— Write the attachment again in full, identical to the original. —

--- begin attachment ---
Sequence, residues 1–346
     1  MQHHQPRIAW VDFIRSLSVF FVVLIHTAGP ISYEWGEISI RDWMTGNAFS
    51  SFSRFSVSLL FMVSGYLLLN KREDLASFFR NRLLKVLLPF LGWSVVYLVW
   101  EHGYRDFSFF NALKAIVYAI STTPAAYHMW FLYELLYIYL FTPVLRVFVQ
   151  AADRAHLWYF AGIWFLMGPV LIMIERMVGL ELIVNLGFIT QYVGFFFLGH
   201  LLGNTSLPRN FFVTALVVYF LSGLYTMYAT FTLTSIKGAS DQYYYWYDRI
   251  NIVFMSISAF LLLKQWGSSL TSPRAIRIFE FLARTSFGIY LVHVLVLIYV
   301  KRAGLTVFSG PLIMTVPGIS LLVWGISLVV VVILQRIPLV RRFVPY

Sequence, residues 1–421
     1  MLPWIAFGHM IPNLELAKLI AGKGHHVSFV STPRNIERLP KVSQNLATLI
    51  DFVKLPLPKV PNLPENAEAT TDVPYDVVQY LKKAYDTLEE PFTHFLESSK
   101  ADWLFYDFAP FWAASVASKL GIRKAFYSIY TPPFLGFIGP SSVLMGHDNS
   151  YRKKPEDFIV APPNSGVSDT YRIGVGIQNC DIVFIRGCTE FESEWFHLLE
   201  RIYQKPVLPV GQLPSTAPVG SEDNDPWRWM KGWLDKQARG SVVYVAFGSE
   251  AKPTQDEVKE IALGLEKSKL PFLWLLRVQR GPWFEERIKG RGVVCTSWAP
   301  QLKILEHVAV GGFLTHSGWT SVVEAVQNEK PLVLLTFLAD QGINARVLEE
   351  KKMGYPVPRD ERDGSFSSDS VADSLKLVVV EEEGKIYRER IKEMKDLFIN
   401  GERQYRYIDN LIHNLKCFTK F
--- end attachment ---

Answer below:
Sequence, residues 1–346
     1  MQHHQPRIAW VDFIRSLSVF FVVLIHTAGP ISYEWGEISI RDWMTGNAFS
    51  SFSRFSVSLL FMVSGYLLLN KREDLASFFR NRLLKVLLPF LGWSVVYLVW
   101  EHGYRDFSFF NALKAIVYAI STTPAAYHMW FLYELLYIYL FTPVLRVFVQ
   151  AADRAHLWYF AGIWFLMGPV LIMIERMVGL ELIVNLGFIT QYVGFFFLGH
   201  LLGNTSLPRN FFVTALVVYF LSGLYTMYAT FTLTSIKGAS DQYYYWYDRI
   251  NIVFMSISAF LLLKQWGSSL TSPRAIRIFE FLARTSFGIY LVHVLVLIYV
   301  KRAGLTVFSG PLIMTVPGIS LLVWGISLVV VVILQRIPLV RRFVPY

Sequence, residues 1–421
     1  MLPWIAFGHM IPNLELAKLI AGKGHHVSFV STPRNIERLP KVSQNLATLI
    51  DFVKLPLPKV PNLPENAEAT TDVPYDVVQY LKKAYDTLEE PFTHFLESSK
   101  ADWLFYDFAP FWAASVASKL GIRKAFYSIY TPPFLGFIGP SSVLMGHDNS
   151  YRKKPEDFIV APPNSGVSDT YRIGVGIQNC DIVFIRGCTE FESEWFHLLE
   201  RIYQKPVLPV GQLPSTAPVG SEDNDPWRWM KGWLDKQARG SVVYVAFGSE
   251  AKPTQDEVKE IALGLEKSKL PFLWLLRVQR GPWFEERIKG RGVVCTSWAP
   301  QLKILEHVAV GGFLTHSGWT SVVEAVQNEK PLVLLTFLAD QGINARVLEE
   351  KKMGYPVPRD ERDGSFSSDS VADSLKLVVV EEEGKIYRER IKEMKDLFIN
   401  GERQYRYIDN LIHNLKCFTK F